About

Coosa Riverkeeper

Our Story

Our organization was founded in 2010 by a group of environmental leaders in the Coosa Valley of Alabama in response to the river being listed as the 10th most endangered river in the United States by American Rivers.

From humble beginnings in a small mini-storage warehouse office in Riverside on the banks of Logan Martin Lake, our organization has grown to three full-time staff, dozens of interns, an excellent Board of Directors, an Advisory Councildozens of volunteers and interns and hundreds of members. Our office is now located in the Town of Mt Laurel, just off the north fork of Yellow Leaf Creek which an important tributary to Lay Lake on the Coosa. 

Our Programs

To fulfill our mission of protecting, promoting, and restoring the Coosa River, our organization has developed four core programs to engage the many people who live, work, visit and recreate on the Coosa River, its tributaries and lakes. 

Through the Fish GuideSwim Guide, Riverkeeper Patrol, and Education & Outreach programs, Coosa Riverkeeper encourages everyone to enjoy the river, lakes, and “skinny water” or creeks, while providing information about water quality conditions and fish consumption advisories for both sport and leisure. 

Our organization works to answer the simple questions “is it safe to swim?”, “are the fish safe to eat?”, and “what can I do to make the Coosa healthier for my community?” as a means to ensure the public is aware of  issues that impact recreation, public health, and property value.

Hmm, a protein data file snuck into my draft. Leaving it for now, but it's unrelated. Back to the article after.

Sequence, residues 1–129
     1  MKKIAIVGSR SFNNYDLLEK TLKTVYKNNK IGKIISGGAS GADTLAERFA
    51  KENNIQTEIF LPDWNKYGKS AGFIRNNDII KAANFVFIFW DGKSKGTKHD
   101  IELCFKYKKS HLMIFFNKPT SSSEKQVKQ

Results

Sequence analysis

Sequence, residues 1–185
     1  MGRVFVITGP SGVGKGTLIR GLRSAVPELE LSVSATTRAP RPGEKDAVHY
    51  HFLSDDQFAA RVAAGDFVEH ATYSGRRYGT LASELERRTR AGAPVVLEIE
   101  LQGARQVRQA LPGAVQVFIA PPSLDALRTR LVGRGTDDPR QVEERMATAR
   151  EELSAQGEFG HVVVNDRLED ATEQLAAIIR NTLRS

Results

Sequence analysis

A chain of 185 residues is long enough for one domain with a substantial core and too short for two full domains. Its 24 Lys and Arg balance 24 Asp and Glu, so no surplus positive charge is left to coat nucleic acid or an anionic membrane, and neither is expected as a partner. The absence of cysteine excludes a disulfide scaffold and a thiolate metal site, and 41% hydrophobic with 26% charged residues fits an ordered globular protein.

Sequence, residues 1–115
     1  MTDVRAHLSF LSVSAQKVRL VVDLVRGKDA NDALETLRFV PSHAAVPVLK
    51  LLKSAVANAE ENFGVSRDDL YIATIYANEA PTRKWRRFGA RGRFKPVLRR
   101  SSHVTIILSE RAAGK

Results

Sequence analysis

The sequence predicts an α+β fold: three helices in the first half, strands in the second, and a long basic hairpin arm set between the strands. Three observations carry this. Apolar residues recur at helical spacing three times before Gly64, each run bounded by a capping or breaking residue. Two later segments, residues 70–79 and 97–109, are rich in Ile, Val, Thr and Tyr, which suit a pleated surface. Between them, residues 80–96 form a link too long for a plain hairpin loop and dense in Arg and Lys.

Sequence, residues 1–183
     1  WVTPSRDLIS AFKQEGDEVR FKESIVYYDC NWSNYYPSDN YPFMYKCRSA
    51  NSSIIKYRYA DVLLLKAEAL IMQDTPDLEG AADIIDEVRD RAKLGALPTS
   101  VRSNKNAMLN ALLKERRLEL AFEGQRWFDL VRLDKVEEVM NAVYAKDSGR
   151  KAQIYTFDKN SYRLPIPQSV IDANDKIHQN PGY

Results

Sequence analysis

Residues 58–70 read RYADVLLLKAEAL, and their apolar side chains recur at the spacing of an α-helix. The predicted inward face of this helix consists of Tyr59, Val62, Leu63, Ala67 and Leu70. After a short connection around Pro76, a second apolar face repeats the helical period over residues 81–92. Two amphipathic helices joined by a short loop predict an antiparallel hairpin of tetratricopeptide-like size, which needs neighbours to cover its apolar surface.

Funding

People like you make our work possible and we want to ensure to maximize your investment and be transparent on where your donations are spent. 

  • Check out our annual Form 990s.
  • Coosa Riverkeeper holds the national Standards for Excellence accreditation and is Guidestar Platinum Seal of Transparency.
  • Our work is funded by our dues-paying members, community foundations, private foundations, and many fundraising events throughout the year. 
  • What is Standards for Excellence?
    • The Standards for Excellence aims to raise the level of accountability, transparency, and effectiveness of all nonprofit organizations to foster excellence and inspire trust.
    • This rigorous accreditation process ensures the best practices for our nonprofit’s organizational governance, management, policies and procedures, and legal compliance at any stage of a nonprofit’s lifecycle. 
    • This accreditation identifies major areas of nonprofit governance and management which include specific benchmarks and measures that provide a structured approach to building capacity, accountability, and sustainability in our organization.

Partner Groups

Coosa Riverkeeper is a proud member of Waterkeeper Alliance, an international network of over 350 organizations working to protect their local waterways on 6 continents.

Waterkeepers are found across the globe and within Alabama we are joined by seven other Waterkeepers: Black Warrior RiverkeeperCahaba RiverkeeperChoctawhatchee RiverkeeperHurricane CreekkeeperMobile BaykeeperLittle River Waterkeeper, and Tennessee Riverkeeper.

Coosa Riverkeeper is the only advocacy organization solely focused the Lower and Middle Coosa Basins ranging from “skinny waters” of Big Wills Creek near Ft. Payne to Lake Neely Henry down to the tailwaters below Jordan Dam in Wetumpka.  

We are joined in protecting the Coosa River by Upper Coosa Riverkeeper, a division of the Coosa River Basin Initiative in Rome, Georgia. Their jurisdiction covers the headwaters of the Coosa, including the Etowah and Oostanaula Rivers as well as Weiss Lake in Alabama.

Recognition

  • In 2011, we were named “Best New Group” by Alabama Rivers Alliance,  a statewide alliance of water advocacy organizations.
  • In 2017, we were named “Best Group of the Year” by Alabama Rivers Alliance, a statewide alliance of water advocacy organizations.  
  • In 2018, Coosa Riverkeeper and the seven other Alabama Waterkeepers were honored as “Best Group of the Year” for our collective work on “sewage right-to-know”, resulting in the first statewide electronic notification system for sewage overflows administered by the Alabama Department of Environmental Management.

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